I try to avoid thinking about the Exchange piece of this puzzle, but Exchange does get you team calendaring, email management, task management, and all the server-side elements of your personal information management. The great thing about Microsoft Communication Services is that you hand off the administration of your Exchange environment to people who live and breathe this stuff, so you can focus on doing your work and being productive. For most small businesses (and even some large ones) this makes more sense than building out an IT operations team.
As long as you get a high quality HD Webcam (in the $50 price range), you can get amazing video quality out of the video conferencing components of Office Communicator and Live Meeting. For ad hoc meetings with remote team members, I find the video call quality of Office Communicator to be far more consistent than Skype or Google Talk, which helps make video conferencing feel much more like a real meeting. For presentations, the ability to hand off video in a round table discussion will make your team look like pros. Live Meeting suffers the same problem as every other webinar tool, in that you still have to download and install software, but the integration with everything else makes it worth it. Depending on who your typical customer is, they may already have the software installed.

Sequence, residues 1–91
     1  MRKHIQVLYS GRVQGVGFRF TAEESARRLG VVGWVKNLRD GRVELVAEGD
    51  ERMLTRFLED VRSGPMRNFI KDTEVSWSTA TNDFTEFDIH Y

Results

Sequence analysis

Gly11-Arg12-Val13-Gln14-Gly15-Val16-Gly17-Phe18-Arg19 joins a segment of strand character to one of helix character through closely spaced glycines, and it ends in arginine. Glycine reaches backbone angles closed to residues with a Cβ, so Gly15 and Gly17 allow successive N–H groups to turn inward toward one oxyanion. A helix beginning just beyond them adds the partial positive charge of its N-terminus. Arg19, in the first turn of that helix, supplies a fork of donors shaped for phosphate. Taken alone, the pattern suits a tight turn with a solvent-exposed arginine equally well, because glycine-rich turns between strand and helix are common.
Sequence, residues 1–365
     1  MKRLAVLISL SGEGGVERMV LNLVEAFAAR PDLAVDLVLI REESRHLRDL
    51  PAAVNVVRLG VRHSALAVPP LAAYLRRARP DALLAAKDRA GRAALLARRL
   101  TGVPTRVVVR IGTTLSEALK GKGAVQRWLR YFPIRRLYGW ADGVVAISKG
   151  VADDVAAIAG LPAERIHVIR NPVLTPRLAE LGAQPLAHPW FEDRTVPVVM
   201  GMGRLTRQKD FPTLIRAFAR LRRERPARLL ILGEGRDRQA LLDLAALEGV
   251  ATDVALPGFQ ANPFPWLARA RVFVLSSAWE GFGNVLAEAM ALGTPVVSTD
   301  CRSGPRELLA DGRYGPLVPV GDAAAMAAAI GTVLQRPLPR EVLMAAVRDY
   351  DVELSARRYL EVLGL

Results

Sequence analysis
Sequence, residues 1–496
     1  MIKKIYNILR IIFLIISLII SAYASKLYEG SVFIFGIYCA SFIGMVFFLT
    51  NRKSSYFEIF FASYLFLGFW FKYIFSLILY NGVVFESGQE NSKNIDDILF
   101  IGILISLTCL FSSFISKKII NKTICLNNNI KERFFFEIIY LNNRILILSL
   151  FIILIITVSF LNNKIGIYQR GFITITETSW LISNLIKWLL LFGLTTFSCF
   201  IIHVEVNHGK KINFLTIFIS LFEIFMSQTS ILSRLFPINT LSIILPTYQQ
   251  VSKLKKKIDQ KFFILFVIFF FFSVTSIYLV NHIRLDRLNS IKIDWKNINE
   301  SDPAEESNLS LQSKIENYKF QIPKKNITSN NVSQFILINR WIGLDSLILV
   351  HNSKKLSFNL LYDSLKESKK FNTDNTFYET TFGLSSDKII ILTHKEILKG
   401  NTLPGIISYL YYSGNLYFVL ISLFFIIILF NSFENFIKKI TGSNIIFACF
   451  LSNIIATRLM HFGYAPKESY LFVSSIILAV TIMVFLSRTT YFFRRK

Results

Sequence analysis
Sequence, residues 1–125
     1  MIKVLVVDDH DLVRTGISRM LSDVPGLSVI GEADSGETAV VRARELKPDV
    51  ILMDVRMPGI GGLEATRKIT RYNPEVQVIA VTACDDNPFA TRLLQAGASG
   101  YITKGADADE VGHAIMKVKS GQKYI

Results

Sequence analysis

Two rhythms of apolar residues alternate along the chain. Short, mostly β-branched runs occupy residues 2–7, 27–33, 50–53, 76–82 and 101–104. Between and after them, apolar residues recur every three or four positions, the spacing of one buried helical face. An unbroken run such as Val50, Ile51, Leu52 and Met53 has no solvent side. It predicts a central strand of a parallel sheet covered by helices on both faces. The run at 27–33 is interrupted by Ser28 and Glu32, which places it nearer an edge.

SharePoint got a bad rap in my universe early on, because I felt like it required far too much work to get to the point where you can collaborate. With current versions, Microsoft and their partners, like Alteva, have done a great job of making it easy. While I typically use Google Docs for sharing files and collaboration, I’m finding the latest version of SharePoint to be a worthy collaboration solution. SharePoint is great for intranet solutions like project management, team knowledge management, and also working with your clients and customers. If you’re already using all the other pieces of Microsoft Communication Services mentioned here, SharePoint is a natural extension.